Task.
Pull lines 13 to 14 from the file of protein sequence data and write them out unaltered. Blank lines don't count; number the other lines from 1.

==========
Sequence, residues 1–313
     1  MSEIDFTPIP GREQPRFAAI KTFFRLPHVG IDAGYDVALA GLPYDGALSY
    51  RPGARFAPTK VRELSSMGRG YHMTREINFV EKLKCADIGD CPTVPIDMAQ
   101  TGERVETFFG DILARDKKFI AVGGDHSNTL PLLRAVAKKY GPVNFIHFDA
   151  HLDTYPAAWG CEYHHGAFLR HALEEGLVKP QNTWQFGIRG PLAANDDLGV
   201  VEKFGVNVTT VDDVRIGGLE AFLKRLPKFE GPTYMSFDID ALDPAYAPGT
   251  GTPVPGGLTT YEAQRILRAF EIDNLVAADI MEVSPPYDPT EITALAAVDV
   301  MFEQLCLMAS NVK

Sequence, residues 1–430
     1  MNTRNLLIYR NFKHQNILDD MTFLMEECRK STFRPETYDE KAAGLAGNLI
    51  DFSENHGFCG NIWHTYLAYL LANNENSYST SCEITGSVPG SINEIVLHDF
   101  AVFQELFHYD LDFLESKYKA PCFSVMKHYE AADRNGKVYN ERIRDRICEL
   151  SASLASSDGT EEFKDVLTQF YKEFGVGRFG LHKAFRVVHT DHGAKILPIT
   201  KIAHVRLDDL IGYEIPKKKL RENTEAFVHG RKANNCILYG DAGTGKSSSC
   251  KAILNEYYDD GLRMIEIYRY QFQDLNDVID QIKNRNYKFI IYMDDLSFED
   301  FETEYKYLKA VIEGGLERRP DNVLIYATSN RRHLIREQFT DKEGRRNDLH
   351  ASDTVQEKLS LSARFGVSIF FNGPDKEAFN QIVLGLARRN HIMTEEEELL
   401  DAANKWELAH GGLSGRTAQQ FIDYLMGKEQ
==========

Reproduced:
   151  SASLASSDGT EEFKDVLTQF YKEFGVGRFG LHKAFRVVHT DHGAKILPIT
   201  KIAHVRLDDL IGYEIPKKKL RENTEAFVHG RKANNCILYG DAGTGKSSSC